Tonight as I watched our Big Buddy Grubbs sleeping I was reminded of this story and thought I should share it. His brindle face is gray now as he’s 9 years old. Somehow Lion has held together even with his frequent games of “shake and throw” by the two greyhounds, and being taken in and out to the yard by them, and sometimes forgotten and left in the yard to fend off the wild critters like raccoons, rabbits and the ever threatening risk of a hawk mistaking him for a real animal.
How did we end up with two greyhounds when we were never going to have one again? You have to decide for yourself, and/or explain it away. For me the chances of that Lion which was an old lion from around our house being in that adoption center, in that basket and picked by him are………..well lets just say if it was a coincidence, it was quite a big one.
These wonderful greyhounds so inspired me, I wrote a 12 novel suspense series called the “Greyhound Lady Walking series” and they are in almost all of them with ‘different names. LOL
SO IN THE END, I JUST WANT TO SAY “ADOPT A GREYHOUND, IT WILL CHANGE YOUR LIFE FOR THE BETTER AND FOREVER.”
The Role and Inspiration of Greyhounds in the Greyhound Lady Walking Suspense Series; Parallels between Greyhounds and victim/survivors.
THE ROLE OF GREYHOUNDS IN THE SUSPENSE SERIES
Author Joyce Godwin Grubbs first rescue: “DEX” (Justune’s Dixie was his racing name)
While the greyhounds inspired the format used to support the stories of the Greyhound Lady Walking suspense series, it is not “about them”, but rather about the victim/survivors. However it is important to explain that the parallels between the greyhounds and victim/survivors is very real. One learns a great deal about his amazing breed during the course of the series.
The plight of the racing greyhound is not unlike that of victims of domestic violence and rape/sexual assault. Both are victims of a lifestyle of abuse, pain, and perceived unending control that often ends in death. That of course, is the very definition of a victim of domestic violence.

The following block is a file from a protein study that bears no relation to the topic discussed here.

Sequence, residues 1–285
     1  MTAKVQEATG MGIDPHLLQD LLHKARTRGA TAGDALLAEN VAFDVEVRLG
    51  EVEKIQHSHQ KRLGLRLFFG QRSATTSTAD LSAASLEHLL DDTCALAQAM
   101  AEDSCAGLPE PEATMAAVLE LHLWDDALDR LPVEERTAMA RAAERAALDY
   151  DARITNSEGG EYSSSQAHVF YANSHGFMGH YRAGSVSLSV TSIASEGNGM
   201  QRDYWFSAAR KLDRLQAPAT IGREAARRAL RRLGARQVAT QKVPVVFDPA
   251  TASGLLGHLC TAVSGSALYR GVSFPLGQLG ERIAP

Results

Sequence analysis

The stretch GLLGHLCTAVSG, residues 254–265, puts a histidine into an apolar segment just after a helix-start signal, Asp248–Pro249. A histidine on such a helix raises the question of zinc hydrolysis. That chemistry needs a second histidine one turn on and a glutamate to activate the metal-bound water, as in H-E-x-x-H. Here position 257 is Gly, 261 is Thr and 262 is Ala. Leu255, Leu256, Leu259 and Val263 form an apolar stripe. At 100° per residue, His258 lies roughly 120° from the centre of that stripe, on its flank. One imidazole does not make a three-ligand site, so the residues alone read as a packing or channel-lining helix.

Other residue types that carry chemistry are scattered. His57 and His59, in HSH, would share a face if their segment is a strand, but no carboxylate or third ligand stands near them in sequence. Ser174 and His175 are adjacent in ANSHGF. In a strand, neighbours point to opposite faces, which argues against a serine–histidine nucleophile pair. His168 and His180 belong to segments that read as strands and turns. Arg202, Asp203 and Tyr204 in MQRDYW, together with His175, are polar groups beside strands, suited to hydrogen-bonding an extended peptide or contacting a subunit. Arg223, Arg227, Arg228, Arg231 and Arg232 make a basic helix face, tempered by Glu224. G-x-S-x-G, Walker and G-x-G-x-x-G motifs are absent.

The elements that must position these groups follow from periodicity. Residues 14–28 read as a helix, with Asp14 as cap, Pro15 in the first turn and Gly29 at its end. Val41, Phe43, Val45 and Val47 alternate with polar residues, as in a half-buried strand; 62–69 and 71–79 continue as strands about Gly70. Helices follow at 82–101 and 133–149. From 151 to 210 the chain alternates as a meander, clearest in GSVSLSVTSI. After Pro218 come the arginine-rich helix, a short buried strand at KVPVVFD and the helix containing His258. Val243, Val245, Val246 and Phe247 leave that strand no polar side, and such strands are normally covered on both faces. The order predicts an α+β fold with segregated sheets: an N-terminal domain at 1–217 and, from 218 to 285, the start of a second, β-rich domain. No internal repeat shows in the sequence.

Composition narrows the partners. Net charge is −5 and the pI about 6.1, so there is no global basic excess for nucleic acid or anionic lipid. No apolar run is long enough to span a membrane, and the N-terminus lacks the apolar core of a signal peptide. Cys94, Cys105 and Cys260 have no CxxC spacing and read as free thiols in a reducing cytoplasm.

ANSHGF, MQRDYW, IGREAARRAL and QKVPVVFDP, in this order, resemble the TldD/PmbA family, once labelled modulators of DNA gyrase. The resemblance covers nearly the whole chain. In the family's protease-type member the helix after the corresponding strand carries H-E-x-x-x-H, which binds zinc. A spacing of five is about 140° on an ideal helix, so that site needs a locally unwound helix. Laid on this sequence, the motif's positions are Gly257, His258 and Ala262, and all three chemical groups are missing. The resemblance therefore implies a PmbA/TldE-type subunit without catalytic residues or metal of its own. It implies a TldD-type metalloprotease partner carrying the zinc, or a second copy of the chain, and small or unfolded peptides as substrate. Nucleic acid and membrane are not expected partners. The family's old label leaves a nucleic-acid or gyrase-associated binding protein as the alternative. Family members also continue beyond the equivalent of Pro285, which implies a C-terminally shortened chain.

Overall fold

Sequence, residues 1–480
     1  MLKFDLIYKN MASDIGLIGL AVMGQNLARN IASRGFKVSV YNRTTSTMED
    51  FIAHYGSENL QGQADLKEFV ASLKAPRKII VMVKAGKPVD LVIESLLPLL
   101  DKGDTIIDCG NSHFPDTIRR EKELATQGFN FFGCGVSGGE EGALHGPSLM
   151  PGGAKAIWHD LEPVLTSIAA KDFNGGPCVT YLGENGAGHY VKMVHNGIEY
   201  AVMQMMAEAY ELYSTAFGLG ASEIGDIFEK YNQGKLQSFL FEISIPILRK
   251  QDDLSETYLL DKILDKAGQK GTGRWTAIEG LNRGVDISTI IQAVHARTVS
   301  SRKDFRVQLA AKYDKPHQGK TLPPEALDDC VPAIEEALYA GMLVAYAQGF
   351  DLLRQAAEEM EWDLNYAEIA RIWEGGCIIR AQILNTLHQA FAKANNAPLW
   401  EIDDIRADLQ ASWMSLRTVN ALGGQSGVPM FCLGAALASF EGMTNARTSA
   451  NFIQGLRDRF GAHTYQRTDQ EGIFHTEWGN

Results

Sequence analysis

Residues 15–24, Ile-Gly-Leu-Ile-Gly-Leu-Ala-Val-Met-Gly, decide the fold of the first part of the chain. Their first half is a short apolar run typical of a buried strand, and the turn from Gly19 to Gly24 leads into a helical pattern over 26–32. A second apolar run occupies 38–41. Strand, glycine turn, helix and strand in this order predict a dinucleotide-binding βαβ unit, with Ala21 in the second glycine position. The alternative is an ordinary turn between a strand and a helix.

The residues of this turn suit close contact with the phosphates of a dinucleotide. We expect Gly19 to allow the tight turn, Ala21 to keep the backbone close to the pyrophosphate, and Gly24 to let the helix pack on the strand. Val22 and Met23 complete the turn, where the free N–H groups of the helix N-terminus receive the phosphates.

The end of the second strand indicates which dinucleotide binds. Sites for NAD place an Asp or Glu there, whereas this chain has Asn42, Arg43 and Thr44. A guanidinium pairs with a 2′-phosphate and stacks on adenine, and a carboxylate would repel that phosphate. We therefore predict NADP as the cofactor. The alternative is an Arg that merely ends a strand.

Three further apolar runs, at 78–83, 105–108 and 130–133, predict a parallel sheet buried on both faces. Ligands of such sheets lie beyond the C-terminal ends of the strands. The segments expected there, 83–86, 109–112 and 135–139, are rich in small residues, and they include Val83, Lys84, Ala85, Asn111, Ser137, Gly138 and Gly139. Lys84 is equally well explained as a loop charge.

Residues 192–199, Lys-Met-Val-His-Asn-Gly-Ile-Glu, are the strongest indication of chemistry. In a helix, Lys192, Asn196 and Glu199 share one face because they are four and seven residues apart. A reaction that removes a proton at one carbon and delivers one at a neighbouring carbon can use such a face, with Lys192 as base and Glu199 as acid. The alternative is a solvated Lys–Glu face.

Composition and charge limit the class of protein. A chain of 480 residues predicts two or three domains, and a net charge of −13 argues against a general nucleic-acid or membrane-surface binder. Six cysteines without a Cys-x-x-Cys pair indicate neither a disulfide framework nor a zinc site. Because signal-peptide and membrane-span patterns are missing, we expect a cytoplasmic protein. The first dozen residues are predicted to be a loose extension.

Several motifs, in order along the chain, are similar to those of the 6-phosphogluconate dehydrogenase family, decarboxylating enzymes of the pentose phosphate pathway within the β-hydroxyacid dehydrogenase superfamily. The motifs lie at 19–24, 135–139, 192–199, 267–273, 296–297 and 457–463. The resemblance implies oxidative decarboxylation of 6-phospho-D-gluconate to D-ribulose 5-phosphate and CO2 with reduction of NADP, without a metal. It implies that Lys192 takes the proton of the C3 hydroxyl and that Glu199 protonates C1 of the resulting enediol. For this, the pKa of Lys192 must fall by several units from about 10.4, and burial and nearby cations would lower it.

The novels by author Joyce Godwin Grubbs bring these two worlds together; not on a collision course, but on a beneficial and healing course to better their lives. Known for her convoluted plots, the reader needs to keep a heightened awareness of clues that are both subtle, and yet often “in your face”.
The beauty of the novels is that they are uplifting and filled with humor, love and power. They give us a glimpse of what “could be” and “what is”. But, first and foremost, they are an exciting and edgy variety of mysteries, suspense, and romance, that keep the plots on a roller coaster ride for the reader and then bringing them to a breathless conclusion.
The adoptions of these three Greyhounds by the author, were the inspiration to set the “underground for victim/survivors” in Oklahoma, with one of the locations being a “Greyhound Ranch” where the greyhounds are brought after being rescued from the tracks and from unscrupulous breeders, and the “forever homes” are found for them. It is in their transportation via large transports, that a secret “room/cell” has been built into the transport trailer and secretly, victims are transported to new locations across the country while in the guise of adoption runs for the greyhounds. A very sophisticated system is in place and the transports are done in cooperation with the “Cleft of Rock Shelter” for the highest risk victims only, and a transition underground village in Wyoming to help victims/families transition into new identities and locations.
BABY DOLL GRUBBS AT HOME IN HER “SOONER” GEAR AND BIG BUDDY GRUBBS, IN HIS OKIE STATE “COWBOY” OSU GEAR.